Long gone are the days of engineering and science being the exclusive domain of men. Today, women are rising to the challenge of bringing innovations and advances to technology. We’ll look at some of the leaders in the STEM sector that are poised to make news in 2018.
Let’s start with Dr. Alicia Abella, the assistant vice president of Cloud Technologies and Services Research Organization at AT&T Labs. She brings 19 years of engineering research to her division and is active in STEM education programs for women and girls. In 2013, Dr. Abella received Columbia University’s Medal of Excellence, which is awarded to young Columbia alumni that show exemplary leadership in their profession, research and public service. She is the first engineer to be a recipient of the award since its inception in 1929.
President Barack Obama selected her to be a member of the Presidential Advisory Commission for Educational Excellence for Hispanics. She has been honored time and time again by both industry and community organizations. In addition to all her professional accolades, Dr. Abella finds time to provide mentorship to other Hispanic women pursuing education and employment opportunities in the sciences and engineering as well as providing leadership to organizations that promote STEM education in public schools.
Another rising star in technology is Laura Miele. Promoted to executive vice president in 2016, Miele now heads up Electronic Arts, an industry leader in branded sports video gaming. This promotion makes Miele one of the highest positioned women in both the sports-related industries and the video gaming sector.
Miele has been with EA for more than 20 years, moving up the leadership ladder as the company grew. She has leveraged her position to become a Silicon Valley leader in gender equity in the software development field. Additionally, she sits on the board of the Silicon Valley Community Foundation and leads EA’s Women’s Ultimate Team — an industry advocacy group for gender diversity. According to Miele, women comprise nearly half of the 2.6 billion gamers worldwide. She is working to bring more diverse perspectives to the industry.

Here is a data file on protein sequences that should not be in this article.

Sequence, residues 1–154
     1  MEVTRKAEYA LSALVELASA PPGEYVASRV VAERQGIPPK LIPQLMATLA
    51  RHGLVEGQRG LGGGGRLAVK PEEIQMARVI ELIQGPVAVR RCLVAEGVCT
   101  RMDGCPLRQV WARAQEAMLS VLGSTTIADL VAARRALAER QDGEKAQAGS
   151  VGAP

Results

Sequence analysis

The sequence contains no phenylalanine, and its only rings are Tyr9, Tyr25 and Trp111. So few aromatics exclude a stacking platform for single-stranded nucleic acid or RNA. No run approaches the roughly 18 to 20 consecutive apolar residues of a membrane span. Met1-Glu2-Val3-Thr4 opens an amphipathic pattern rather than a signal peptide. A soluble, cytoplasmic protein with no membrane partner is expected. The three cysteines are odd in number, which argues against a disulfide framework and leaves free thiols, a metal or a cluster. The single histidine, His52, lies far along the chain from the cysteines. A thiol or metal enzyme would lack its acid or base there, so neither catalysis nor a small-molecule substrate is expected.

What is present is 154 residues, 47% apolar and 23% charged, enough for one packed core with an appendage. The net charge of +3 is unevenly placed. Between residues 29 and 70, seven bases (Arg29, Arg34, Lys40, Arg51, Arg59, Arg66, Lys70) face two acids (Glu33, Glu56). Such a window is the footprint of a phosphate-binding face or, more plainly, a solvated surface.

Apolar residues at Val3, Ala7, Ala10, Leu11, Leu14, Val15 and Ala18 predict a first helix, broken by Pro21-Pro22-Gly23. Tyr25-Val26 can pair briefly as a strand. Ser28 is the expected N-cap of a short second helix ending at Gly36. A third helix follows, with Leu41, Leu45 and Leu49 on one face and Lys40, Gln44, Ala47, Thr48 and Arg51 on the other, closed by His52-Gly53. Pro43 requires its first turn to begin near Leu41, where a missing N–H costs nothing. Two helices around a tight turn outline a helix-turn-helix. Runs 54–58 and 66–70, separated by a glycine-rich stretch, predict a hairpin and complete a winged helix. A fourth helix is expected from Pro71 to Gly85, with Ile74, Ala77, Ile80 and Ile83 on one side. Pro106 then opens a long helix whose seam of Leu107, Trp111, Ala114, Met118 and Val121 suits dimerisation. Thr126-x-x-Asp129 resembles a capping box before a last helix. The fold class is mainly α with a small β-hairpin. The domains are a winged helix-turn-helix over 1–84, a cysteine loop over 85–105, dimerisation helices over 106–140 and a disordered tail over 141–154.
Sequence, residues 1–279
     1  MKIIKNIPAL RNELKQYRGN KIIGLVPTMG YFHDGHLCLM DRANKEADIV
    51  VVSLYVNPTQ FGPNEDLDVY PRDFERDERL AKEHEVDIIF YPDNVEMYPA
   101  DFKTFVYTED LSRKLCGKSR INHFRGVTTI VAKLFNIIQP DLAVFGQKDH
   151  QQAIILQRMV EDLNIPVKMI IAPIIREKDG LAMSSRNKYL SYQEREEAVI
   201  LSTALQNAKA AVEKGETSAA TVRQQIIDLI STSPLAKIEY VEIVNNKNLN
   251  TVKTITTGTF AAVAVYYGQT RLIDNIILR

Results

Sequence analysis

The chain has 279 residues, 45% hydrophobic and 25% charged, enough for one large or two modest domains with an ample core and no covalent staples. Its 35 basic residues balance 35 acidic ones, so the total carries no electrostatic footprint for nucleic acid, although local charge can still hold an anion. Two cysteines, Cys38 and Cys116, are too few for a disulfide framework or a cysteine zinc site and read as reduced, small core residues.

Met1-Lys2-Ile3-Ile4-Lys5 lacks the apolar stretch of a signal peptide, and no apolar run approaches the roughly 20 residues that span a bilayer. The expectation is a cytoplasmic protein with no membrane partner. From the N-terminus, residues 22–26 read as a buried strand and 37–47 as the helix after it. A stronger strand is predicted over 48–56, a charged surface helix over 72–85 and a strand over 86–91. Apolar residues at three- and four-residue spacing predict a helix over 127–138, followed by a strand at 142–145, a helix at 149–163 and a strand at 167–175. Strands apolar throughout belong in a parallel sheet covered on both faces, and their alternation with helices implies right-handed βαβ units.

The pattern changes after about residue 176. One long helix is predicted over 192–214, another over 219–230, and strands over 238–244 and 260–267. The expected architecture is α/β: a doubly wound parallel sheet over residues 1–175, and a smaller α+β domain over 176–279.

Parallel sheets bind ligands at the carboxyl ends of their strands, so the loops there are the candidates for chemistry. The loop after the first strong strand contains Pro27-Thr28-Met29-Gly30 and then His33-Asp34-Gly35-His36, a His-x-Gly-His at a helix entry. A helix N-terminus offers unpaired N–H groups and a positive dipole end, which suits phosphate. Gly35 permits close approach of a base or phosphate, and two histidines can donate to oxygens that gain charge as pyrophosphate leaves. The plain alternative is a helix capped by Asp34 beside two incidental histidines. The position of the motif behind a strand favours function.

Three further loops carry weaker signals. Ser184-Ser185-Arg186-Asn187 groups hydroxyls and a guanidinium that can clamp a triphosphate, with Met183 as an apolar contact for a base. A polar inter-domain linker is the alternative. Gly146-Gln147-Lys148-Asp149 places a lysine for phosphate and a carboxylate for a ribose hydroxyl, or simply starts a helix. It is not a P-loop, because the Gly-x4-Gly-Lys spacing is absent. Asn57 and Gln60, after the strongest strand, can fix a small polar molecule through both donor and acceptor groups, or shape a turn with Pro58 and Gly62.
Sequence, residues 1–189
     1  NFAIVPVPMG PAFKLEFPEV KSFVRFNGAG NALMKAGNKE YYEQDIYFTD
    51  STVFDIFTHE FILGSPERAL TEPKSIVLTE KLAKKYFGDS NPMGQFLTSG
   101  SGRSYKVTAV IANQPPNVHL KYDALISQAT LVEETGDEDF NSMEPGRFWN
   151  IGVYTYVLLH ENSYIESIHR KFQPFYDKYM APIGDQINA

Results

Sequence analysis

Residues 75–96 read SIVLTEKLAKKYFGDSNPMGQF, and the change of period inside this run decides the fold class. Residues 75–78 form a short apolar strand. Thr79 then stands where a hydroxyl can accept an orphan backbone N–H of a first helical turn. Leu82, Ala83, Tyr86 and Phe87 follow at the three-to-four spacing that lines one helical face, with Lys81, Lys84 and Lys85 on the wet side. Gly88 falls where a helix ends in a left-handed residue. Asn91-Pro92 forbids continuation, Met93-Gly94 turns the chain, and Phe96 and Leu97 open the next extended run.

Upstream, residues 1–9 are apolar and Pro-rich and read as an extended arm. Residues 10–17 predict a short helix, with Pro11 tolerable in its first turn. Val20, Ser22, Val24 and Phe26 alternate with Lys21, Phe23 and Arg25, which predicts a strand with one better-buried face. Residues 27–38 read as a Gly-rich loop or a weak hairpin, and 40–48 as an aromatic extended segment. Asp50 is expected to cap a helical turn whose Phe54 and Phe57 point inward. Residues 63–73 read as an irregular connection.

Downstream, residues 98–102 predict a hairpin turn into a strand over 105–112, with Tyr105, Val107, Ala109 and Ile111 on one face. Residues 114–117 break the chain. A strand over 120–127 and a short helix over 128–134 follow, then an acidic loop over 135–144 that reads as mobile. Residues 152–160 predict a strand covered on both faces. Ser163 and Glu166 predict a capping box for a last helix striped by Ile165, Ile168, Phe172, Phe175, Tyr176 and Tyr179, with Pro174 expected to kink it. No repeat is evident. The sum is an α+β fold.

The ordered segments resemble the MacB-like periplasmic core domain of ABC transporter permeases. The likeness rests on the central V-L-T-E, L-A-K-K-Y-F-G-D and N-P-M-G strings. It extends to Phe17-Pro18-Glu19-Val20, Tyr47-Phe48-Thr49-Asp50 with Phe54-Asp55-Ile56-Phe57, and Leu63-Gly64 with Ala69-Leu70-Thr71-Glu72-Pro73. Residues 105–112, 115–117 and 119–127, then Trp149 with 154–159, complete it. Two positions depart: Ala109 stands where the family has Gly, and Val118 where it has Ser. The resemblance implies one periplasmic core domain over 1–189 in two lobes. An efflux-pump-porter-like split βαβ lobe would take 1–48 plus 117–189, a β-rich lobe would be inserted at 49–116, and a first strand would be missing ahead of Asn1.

She recognizes the challenges facing women entering STEM careers and offers simple advice to help people follow their dreams. Once you find something you love, pursue it with full engagement and no fear. Whether you enjoy engineering, computer programming or building custom wireless devices that fit inside handheld enclosures, the key is to find a career that is engaging and rewarding. Don’t worry about not knowing everything on the job but embrace learning as you go.
Finally, we take a look at Roxane Divol, the executive vice president and general manager of Website Security at Symantec Corporation. Divol rose to the position in February 2017. With internet security on everyone’s mind, Symantec is at the forefront of the industry’s technology, providing security, storage, and systems management solutions for an information-driven world.
Divol made Insurance Business America’s list of Elite Women in Insurance in 2017. Her work on Symantec’s cyber insurance initiatives and product development has caught the attention of her peers and has helped expand Symantec’s growth in web security.
In addition to leading Symantec’s web security division, Divol is on the board of directors at Wolverine Worldwide, the top-quality footwear company. Her position has helped shape Wolverine’s values and diversity stance. Divol believes strongly in gender equity and social responsibility. She also served on the board of directors at the Global Fund for Women, an organization that seeks out women who are working to create social change and build movements that challenge traditional thought and cultural barriers.
While the gender gap in technology continues to shrink, there is still much work to be done. And though it is important that women rise to positions of influence in technology fields, it is equally important for young women and girls to be encouraged to study engineering and science and enter the STEM sector professionally.
In 2018, women are gaining ground in technology careers and shrinking the gender gap. With more women working in scientific and engineering fields, quantitative change is transforming the industry, building a solid foundation for future generations.